Occupy Wall Street became part of the political discussion at the end of 2011. They railed against what they saw as corporate greed and capitalism. However, what they really had a problem with was corporatism, not capitalism, as Daniel Hannan has so eloquently explained.
And while they complained about government being part of the problem, Occupy Wall Street’s answer was, ironically, more government. But Occupy was conundrum, not just because of the answers they offered, but all because they, despite their “we are the 99%” chant, are part of the 1% of the world’s income earners. They not only live in a country where they have a right to protest their grievances, but also happens to be one of the most prosperous countries in the world with a high standard of living.
But with their protests and complaints about income inequality and, at times, racism, a recently released study from the City University of New York found that Occupy Wall Street was not only disproportionately white, but also rich:
According to a new study from sociologists at the City University of New York, more than a third of activists in the Occupy movement in New York City had household incomes above $100,000, placing them at the cusp of the top quintile of income distribution in America. Researchers surveyed 729 people who participated in a May 1 rally last year and were involved in the “occupation” of Zuccotti Park in the fall of 2011, and found that they were more affluent, whiter, younger, much more highly educated, and more likely to be male than the average New Yorker.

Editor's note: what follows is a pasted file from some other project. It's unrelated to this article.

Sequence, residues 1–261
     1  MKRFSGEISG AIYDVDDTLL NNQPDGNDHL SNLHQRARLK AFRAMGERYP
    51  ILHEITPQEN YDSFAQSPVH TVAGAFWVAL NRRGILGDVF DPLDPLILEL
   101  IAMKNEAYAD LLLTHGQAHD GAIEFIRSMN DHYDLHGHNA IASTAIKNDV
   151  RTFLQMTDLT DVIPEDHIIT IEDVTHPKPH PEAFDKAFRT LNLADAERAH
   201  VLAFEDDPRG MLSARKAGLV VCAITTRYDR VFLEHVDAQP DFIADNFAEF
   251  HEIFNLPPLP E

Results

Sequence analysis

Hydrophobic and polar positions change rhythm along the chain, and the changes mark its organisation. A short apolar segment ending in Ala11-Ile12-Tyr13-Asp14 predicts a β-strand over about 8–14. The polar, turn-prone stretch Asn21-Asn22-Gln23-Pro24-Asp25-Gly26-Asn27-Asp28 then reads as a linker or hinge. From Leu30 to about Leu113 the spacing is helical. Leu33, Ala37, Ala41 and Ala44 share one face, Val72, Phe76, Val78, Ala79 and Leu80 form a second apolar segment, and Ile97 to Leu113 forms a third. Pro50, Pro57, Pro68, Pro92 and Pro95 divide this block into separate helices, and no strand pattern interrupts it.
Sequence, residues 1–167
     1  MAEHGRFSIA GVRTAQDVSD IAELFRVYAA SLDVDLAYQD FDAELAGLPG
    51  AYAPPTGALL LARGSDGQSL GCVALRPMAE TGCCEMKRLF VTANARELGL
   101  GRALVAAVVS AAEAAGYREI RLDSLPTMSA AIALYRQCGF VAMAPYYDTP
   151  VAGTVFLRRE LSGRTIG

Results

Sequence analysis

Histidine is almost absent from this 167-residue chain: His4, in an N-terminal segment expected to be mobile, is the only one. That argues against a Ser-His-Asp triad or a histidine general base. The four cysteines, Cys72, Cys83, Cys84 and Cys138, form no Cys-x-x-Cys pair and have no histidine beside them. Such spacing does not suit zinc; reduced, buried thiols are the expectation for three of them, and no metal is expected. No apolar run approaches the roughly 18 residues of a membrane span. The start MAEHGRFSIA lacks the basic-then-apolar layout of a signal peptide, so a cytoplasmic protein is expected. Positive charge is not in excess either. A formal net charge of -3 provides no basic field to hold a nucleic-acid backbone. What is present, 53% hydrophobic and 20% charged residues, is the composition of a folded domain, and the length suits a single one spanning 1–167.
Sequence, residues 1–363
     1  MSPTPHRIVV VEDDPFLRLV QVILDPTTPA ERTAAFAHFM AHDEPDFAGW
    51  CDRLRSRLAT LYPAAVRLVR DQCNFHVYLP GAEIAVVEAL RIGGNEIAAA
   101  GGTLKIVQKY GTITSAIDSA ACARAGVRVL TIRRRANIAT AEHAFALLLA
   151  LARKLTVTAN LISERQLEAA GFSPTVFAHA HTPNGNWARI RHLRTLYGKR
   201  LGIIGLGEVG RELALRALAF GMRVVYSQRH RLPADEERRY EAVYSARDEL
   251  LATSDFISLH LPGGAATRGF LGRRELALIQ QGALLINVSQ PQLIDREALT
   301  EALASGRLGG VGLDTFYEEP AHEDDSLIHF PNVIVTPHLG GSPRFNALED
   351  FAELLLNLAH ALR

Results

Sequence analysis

Non-Hispanic whites constituted 62 percent of all respondents, though they make up only 33 percent of New York City residents. While only about a third of Americans hold bachelors’ degrees, 76 percent of respondents who had completed their education had a four-year college degree and 39 percent had graduate degrees. Among college graduates, more than a quarter went to top-ranked schools, which might help explain why the majority of graduates under 30 had some student debt. While 10 percent of participants were unemployed, 71 percent were employed in professional occupations. Eight percent were “blue collar.”
As has been explained here before, the bailouts for both Wall Street and automakers were a travesty and an assault on the taxpayer. With those votes, Congress ingrained the idea of bailouts in public policy. Every American has a right to be upset with that, including Occupy and the Tea Party. However, those bailouts were not capitalism, and it’s flat absurd to conclude otherwise.
Katherine Connell, who covered the study at National Review, also notes that the organizers of Occupy Wall Street were “disproportionately white and male.” Connell quoted one of the researchers who put together the study, who explained, “Many [OWS protesters] were the children of the elite, if you will.”
While this may not be true of the Occupy in every city where protests popped up, the group in Zuccotti Park, where the movement was birthed, wasn’t representative of the 99%, they were representative of the America about which they were complaining.
Don’t tell me or anyone else that Occupy, the creepers that camped out in the middle of downtown areas for weeks at a time, are representative of hardworking Americans. You can cut the irony in this study with a knife.